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Onions in the Stew Paperback – August, 2000
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Top Customer Reviews
Financial crunches, months of futile searching for a residence, the adjustment of Betty and her children to a life with a new husband and stepfather (whose attitudes are quite different from those of a carefree Bard), living on an island where there are too many visitors and far too little accessibility for daily work and school, a beautiful neighbour's having her eyes on one's husband - these could have been the stuff of whining or dreary "self-help" attitudes. Betty is far from sentimental, totally honest, yet approaches all from a highly positive attitude that nearly makes one envious. This book is also a fine reminder to today's concerned parents that having adolescent children was no joy ride, even 60 years ago.
My only criticism of Betty's writing is that, in her descriptions, she did not know when to stop. For example, her description of Vashon Island is engaging for the first two paragraphs, but rather excessive when it runs to several pages.
This is easily one of the funniest, and most honest, books I have ever read - and read I do, again and again, always finding it a refreshing treat.
But Onions in the Stew is the favorite book of the Betty Fans worldwide. Why? She described family life on Vashon Island with husband Don and daughters Anne and Joan in an unique way. You can read it over and over again and you'll enjoy the everyday life of this wonderful family. There are several snakes in Betty's paradise, snowstorms, adolescence, a beautiful neighbor, who is very interested in Betty's husband and many, many guests and so much more but it's such a delight to read these stories and you can laugh out loud. No wonder that there is a Betty MacDonald Society and a Fan Club with so many fans world wide. Her books are classics - never dated at all.
There is none of the mean-spiritedness in "Onions", probably because, in spite of the various toils and tribulations of life on the island, Betty was basically happy there, as opposed to "Egg" where she was mostly miserable.
I loved the part about the small woman who loved to curl up on soft, comfy places like sofas, armchairs, and other women's husbands' laps. I wondered, though, why Betty didn't just ask her to step out into the garden and then drop-kick her across the straight to Seattle? I'm sure she could have gotten some of the other women in their circle of friends to help.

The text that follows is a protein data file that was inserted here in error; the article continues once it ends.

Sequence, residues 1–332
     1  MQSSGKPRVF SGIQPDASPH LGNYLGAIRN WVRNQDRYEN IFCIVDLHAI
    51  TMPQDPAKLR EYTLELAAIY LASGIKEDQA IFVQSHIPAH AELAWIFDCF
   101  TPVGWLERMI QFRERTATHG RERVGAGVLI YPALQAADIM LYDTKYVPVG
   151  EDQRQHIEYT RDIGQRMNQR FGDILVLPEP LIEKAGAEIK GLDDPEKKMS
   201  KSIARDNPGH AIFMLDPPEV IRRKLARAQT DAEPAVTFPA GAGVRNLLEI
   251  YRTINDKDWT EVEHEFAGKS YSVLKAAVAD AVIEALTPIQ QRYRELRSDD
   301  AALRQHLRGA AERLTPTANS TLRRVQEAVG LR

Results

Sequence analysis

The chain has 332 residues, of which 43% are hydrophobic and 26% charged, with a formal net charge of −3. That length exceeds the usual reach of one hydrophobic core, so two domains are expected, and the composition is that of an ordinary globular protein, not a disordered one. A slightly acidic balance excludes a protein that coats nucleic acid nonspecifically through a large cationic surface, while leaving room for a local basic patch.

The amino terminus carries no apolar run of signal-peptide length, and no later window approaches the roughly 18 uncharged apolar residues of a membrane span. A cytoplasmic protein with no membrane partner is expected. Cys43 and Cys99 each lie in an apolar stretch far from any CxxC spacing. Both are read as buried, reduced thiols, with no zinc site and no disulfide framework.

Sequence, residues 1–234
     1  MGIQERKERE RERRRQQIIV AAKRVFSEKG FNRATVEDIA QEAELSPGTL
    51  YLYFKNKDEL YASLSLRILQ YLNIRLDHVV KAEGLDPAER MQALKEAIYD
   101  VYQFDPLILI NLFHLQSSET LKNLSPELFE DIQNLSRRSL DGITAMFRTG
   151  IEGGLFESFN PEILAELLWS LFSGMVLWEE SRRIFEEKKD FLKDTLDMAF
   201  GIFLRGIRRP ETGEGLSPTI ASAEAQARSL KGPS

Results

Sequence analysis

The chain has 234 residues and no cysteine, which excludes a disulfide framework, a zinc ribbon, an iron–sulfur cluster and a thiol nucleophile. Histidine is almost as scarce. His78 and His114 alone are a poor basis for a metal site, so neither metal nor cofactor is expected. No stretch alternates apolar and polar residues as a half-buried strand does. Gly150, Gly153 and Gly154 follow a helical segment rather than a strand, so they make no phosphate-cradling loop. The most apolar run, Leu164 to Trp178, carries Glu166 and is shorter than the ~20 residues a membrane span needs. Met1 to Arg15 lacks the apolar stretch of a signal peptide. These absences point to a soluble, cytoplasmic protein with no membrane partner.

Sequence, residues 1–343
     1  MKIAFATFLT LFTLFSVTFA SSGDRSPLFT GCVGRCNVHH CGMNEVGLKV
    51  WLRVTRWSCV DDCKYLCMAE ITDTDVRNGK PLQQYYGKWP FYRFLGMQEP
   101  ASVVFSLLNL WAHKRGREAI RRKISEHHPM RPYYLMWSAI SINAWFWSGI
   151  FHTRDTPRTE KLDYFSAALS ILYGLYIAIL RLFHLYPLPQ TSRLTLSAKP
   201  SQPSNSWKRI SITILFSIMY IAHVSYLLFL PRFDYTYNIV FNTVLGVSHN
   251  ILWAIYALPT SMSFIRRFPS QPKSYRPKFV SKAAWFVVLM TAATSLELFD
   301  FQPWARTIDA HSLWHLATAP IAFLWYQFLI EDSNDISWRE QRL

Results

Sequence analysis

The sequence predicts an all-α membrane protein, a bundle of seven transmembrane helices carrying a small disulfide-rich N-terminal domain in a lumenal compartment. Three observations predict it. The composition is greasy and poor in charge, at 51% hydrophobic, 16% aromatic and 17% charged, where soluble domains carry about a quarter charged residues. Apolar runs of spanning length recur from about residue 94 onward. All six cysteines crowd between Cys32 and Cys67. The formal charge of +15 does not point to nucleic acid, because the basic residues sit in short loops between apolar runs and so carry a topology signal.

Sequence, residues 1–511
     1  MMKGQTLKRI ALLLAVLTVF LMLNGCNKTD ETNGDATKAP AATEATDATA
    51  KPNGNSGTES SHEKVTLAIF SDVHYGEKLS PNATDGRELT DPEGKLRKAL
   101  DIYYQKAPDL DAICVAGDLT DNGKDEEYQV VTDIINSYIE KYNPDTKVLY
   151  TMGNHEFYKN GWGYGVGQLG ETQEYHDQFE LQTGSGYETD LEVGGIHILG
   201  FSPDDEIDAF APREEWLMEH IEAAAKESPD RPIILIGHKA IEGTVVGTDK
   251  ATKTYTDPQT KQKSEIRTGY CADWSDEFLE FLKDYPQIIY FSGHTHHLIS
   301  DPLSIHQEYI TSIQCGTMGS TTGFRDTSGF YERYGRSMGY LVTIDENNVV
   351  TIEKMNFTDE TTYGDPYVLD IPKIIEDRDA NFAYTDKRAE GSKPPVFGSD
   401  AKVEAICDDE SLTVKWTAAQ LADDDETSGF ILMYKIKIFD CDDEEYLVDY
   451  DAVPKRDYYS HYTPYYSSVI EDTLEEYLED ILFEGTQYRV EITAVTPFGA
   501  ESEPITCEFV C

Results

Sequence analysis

Many of the events she tells of show us that teenage girls have always been a handful, whatever they say. However, in spite of all the complaining and whining, the girls were willing to pich in; how many girls their age nowadays would have something like stuffed pork chops waiting when their parents came home from work?
While "Egg" left me wondering why anyone in their right mind would want to run a chicken farm in the middle of a howling wilderness, "Onions" made me wonder if living on an island might not be fun.
Most Recent Customer Reviews
I had a copy of this book a long time ago, and lost track of it. Fun to get a copy to keep my 'Egg & I' company!Published 1 month ago by Pat Young
This review is from: Onions in the Stew (Paperback)
I don't know why ONIONS IN THE STEW is so hard to find; it's really quite funny. Read more
Great story. Betty McDonald is one of my favorite authors. The story is especially meaningful to me as I can see the island from my housePublished 9 months ago by Helga Stintzcum
Good, good, good. All of it, the time it took to get it, the package, the quality of the book.Published 14 months ago by Tina H
This is an enjoyable book, as are the other Betty MacDonald
books. She can write about anything - such as living on a chicken farm,
staying in a TB sanatorium, being a... Read more
This has always been one of my favorite books. I first read it as well as "The Egg and I" when I was a child and thoroughly enjoyed it even then. Read morePublished 16 months ago by Sabina Howard
Good book, author somewhat similar to Erma Bombeck. Story based in early 40's.Published 16 months ago by lgail